The trio of Kim Chang Ryul (김창렬), Lee Haneul (이하늘) and Jung Jae Yong (정재용) are fondly called “The Rascals” (악동들) of Korean popular music. Full of mischief and with an attitude like kids, they debuted in 1994 and had a selection of hits, but their pinnacle of popularity was in 2000 with the song “Run to You”, which has since become the “absolutely must sing” song at a noraebang (노래방, singing room). Honestly, it’s not a true noraebang experience unless someone sings this. Although I have a sneaking feeling that “Gangnam Style” is the new “Run to You”.
Run to You (런투유, 2000)
*Music video from official MBC K-pop channel
Personally, they were my favorite group back then; I used to go to their concerts whenever I had the chance. Armed with incredible rap skills, they started as a 4 member crew in 1997 with none other than Yoon Mi-rae (윤미래) as their only female member. Due to various unfortunate circumstances, they went through several member changes – Yoon also left in 2000 – and although albums were released with new members until 2010, the group never quite got back their original oomph.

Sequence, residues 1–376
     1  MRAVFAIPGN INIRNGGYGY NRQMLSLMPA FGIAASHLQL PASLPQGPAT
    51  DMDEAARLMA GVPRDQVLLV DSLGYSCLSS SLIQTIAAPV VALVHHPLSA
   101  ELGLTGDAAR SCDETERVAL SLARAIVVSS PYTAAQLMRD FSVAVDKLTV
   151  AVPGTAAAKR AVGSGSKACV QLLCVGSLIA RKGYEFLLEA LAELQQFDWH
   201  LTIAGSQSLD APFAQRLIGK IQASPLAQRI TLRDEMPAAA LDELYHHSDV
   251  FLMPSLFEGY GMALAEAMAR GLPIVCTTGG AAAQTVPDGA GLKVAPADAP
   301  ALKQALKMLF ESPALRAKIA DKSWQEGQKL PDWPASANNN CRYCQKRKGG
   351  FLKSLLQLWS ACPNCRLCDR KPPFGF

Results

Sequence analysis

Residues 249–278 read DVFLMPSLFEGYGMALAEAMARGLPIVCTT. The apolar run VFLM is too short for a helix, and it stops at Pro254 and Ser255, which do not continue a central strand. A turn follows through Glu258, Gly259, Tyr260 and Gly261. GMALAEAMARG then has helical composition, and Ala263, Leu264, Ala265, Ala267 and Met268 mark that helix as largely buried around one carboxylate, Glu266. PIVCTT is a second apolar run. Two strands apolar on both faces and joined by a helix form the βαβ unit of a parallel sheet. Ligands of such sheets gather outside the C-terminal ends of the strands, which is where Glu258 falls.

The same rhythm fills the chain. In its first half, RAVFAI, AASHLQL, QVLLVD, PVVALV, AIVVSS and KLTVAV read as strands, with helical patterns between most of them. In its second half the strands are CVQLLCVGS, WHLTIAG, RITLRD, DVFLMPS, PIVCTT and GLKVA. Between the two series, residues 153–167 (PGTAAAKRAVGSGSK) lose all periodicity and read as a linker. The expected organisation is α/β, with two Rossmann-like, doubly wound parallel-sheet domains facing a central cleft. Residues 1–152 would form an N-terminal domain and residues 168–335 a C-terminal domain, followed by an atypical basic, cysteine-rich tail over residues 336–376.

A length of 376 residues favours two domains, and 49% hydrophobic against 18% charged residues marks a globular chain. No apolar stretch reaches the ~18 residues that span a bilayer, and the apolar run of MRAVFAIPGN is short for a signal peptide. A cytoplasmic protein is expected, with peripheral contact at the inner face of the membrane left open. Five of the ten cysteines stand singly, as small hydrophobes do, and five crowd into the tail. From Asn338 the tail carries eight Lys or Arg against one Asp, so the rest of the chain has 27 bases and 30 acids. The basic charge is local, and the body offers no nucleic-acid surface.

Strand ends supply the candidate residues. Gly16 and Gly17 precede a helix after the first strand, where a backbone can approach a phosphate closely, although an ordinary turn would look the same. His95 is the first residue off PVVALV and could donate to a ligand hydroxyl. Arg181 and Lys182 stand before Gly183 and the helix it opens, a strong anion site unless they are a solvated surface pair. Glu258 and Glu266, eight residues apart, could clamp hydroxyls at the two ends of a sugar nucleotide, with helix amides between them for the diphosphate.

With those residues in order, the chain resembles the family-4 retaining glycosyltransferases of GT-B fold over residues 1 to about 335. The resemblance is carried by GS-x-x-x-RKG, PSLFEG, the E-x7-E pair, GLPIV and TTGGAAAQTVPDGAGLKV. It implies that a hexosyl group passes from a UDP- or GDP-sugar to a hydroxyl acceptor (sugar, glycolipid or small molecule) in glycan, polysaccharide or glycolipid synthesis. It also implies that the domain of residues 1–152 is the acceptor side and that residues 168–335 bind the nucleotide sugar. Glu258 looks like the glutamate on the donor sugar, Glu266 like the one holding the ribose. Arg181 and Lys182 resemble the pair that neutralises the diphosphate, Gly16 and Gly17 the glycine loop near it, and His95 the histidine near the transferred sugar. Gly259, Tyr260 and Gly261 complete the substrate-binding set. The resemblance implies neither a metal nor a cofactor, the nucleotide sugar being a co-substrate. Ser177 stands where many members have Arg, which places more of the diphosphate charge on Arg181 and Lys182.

Back to Me (다시 만나줘, 1997)
*Music video from official MBC K-pop channel
The duo of Kim Jin-woo (김진우) and Noh Seung-hwan(노승환) were put together by YG Entertainment in 1997. Jinu was a solo artist and Sean had been a backup dancer for Seo Taiji & Boys. After moderate success with four albums, their last being in 2004, they have been hinting at a possible comeback lately. Sean seems to be known more these days as the Korean celebrity super dad and his charity work. Their 1999 remake of the famous Bee Gees song “How Deep is Your Love” was hugely popular, although now when you look at it, it’s hard not to giggle at Sean’s hair.
How Deep is Your Love (1999)
Jinsean laid the foundation for another YG group: 1TYM. (Pronounced “one time”.) The four member group composed of Teddy (테디), Oh Jin-hwan (오진환), Song Baek (송백), and Danny (대니) released their first album in 1998. They released their fifth album in 2005 and have been on temporary hiatus ever since, much to the dismay of their many fans.